/ 2 November 2023

Tax hikes will not be dramatic

Sa Rand
The local currency could be in for more volatility as political push-and-pull raises uncertainty. (Getty)

Tax increases that Finance Minister Enoch Godongwana intends to introduce in the 2024 budget will be “quite minor”, Edgar Sishi, the head of the treasury’s budget division, said on Thursday.

Sishi told parliament’s standing and select committees on finance and appropriations that the treasury did not intend replicating an attempt seven years ago to use personal income tax to close the fiscal gap, noting that it did not succeed even though the budget deficit was smaller at the time.

It is now forecast at 4.9% of GDP.

“The fiscal deficit at the time was much, much smaller than it is today and the debt was much, much smaller than it is today,” Sishi said in reply to questions from MPs.

“In other words, the gap between revenue and spending was not as big as it is today. It is also important to remember that in response to the emergence of those revenue shortfalls at the time, VAT was increased and personal income taxes were increased to try to close the gap.”

In the medium-term budget policy statement (MTBPS) on Wednesday, Godongwana confirmed that he would announce tax increases in February to raise an additional R15 billion in revenue. The minister and treasury officials would not be drawn on whether R15 billion was a definitive figure, or what form the increases would take.

Democratic Alliance finance spokesperson Dion George had accused the minister of creating uncertainty and said tax hikes would place a heavy burden on households and hinder economic growth.

“The DA will categorically oppose the implementation of any additional taxes or increment in tax rates, as it would only serve to further impede economic growth, discourage investment and savings, and put more pressure on South African households battling to put enough food on their tables in a worsening cost of living crisis.”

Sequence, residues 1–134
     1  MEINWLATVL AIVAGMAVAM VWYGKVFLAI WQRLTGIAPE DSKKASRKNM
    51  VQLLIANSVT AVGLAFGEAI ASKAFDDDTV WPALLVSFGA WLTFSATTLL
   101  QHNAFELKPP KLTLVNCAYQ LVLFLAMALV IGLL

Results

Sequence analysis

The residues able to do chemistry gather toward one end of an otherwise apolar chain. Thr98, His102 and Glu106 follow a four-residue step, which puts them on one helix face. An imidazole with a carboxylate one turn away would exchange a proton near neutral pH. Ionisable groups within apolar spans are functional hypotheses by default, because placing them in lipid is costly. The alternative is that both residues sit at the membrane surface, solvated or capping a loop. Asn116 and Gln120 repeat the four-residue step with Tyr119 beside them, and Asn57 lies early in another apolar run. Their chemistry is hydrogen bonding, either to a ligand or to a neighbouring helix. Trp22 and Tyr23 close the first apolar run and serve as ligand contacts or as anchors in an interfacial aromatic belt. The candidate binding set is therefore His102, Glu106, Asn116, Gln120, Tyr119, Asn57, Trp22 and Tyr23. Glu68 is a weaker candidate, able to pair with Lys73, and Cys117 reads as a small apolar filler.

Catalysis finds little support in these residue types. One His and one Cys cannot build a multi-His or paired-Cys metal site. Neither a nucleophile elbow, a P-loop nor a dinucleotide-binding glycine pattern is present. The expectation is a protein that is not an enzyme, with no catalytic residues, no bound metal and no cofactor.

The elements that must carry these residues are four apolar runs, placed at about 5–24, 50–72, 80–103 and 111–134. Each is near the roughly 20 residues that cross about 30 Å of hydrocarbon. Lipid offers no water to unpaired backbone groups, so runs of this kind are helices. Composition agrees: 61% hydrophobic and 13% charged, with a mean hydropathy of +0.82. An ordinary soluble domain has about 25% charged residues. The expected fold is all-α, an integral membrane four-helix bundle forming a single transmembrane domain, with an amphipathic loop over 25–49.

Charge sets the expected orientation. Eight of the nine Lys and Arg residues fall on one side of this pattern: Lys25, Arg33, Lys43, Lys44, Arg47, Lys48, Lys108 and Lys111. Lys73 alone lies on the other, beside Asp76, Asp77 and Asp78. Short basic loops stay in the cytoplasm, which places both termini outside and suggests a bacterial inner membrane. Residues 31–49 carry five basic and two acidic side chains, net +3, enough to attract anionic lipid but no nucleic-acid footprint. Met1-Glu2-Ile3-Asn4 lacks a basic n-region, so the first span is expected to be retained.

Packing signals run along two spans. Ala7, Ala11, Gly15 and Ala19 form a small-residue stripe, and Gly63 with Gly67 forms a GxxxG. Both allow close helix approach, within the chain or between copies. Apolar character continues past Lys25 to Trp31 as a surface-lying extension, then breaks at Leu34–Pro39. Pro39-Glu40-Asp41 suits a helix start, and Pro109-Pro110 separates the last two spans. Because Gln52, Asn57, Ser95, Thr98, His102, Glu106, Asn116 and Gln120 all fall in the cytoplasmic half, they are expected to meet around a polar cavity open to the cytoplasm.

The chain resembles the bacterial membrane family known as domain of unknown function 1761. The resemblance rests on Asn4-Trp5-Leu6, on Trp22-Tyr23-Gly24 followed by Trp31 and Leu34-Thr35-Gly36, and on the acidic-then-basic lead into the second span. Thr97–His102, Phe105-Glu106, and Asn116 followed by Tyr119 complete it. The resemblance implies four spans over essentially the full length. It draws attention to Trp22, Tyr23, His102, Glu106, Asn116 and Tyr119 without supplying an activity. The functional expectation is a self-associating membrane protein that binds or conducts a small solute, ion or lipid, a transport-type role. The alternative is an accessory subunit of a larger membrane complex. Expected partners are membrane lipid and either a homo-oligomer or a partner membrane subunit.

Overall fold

But Sishi told committee members the intention was not to claw back the shortfall in the state’s coffers from private citizens.

“We don’t want to go back to the days of having to raise taxes on citizens in order to just cover all of the fiscal gap,” he said. 

“And indeed the attempt to do so in 2016 and 2017, as has been reflected both to the committee and in other forums in the past, did not actually succeed in closing the gap, so that is not fundamentally a policy we think is the right one.

“Hence the revenue proposal whose details will be presented in February are actually quite minor.” 

According to the MTBPS, revenue collection is expected to be R56.8 billion lower than forecast in the main budget in February.

Godongwana said the main reason for this was a sharp fall in corporate income tax, particularly from the mining sector, as the commodities boom waned.

“The result of the shortfall is a substantial worsening in the main budget deficit in the current fiscal year. We are now projecting a deficit of 4.9% of GDP compared to our previous estimate of 4%.”

Personal income tax collection was better than forecast though, the minister said.

According to the treasury, tax revenues are expected to increase to R2.1 trillion or 25.1% of GDP, by 2026-27.

“Revenue collection, however, is projected to fall short of 2023 budget estimates by R121.4 billion between 2024-25 and 2025-26, with tax buoyancies generally lower over the medium term.”